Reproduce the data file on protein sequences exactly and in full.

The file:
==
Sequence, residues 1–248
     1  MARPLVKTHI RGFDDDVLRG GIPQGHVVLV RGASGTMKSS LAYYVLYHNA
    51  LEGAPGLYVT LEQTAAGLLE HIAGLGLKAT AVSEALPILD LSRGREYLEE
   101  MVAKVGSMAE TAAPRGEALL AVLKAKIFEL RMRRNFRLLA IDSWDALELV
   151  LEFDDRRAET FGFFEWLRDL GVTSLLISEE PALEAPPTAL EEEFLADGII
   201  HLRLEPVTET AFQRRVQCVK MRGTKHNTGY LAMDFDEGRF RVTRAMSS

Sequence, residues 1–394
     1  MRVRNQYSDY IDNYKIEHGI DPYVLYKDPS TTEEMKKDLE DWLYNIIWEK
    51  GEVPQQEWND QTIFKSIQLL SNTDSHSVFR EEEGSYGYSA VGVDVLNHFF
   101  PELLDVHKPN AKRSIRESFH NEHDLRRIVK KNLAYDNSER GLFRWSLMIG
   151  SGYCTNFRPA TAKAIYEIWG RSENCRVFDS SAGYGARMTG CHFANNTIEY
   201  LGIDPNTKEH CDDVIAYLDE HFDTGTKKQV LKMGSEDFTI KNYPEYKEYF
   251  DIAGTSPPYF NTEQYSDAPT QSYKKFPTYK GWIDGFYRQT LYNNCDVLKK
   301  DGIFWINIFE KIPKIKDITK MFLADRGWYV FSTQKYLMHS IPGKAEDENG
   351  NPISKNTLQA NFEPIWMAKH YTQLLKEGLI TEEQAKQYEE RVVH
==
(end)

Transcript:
Sequence, residues 1–248
     1  MARPLVKTHI RGFDDDVLRG GIPQGHVVLV RGASGTMKSS LAYYVLYHNA
    51  LEGAPGLYVT LEQTAAGLLE HIAGLGLKAT AVSEALPILD LSRGREYLEE
   101  MVAKVGSMAE TAAPRGEALL AVLKAKIFEL RMRRNFRLLA IDSWDALELV
   151  LEFDDRRAET FGFFEWLRDL GVTSLLISEE PALEAPPTAL EEEFLADGII
   201  HLRLEPVTET AFQRRVQCVK MRGTKHNTGY LAMDFDEGRF RVTRAMSS

Sequence, residues 1–394
     1  MRVRNQYSDY IDNYKIEHGI DPYVLYKDPS TTEEMKKDLE DWLYNIIWEK
    51  GEVPQQEWND QTIFKSIQLL SNTDSHSVFR EEEGSYGYSA VGVDVLNHFF
   101  PELLDVHKPN AKRSIRESFH NEHDLRRIVK KNLAYDNSER GLFRWSLMIG
   151  SGYCTNFRPA TAKAIYEIWG RSENCRVFDS SAGYGARMTG CHFANNTIEY
   201  LGIDPNTKEH CDDVIAYLDE HFDTGTKKQV LKMGSEDFTI KNYPEYKEYF
   251  DIAGTSPPYF NTEQYSDAPT QSYKKFPTYK GWIDGFYRQT LYNNCDVLKK
   301  DGIFWINIFE KIPKIKDITK MFLADRGWYV FSTQKYLMHS IPGKAEDENG
   351  NPISKNTLQA NFEPIWMAKH YTQLLKEGLI TEEQAKQYEE RVVH